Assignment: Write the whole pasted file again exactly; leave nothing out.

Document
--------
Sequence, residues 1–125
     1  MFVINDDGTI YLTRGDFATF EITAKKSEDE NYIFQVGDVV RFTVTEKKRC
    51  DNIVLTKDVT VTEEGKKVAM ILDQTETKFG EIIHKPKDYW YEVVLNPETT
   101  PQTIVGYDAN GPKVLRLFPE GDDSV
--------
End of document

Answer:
Sequence, residues 1–125
     1  MFVINDDGTI YLTRGDFATF EITAKKSEDE NYIFQVGDVV RFTVTEKKRC
    51  DNIVLTKDVT VTEEGKKVAM ILDQTETKFG EIIHKPKDYW YEVVLNPETT
   101  PQTIVGYDAN GPKVLRLFPE GDDSV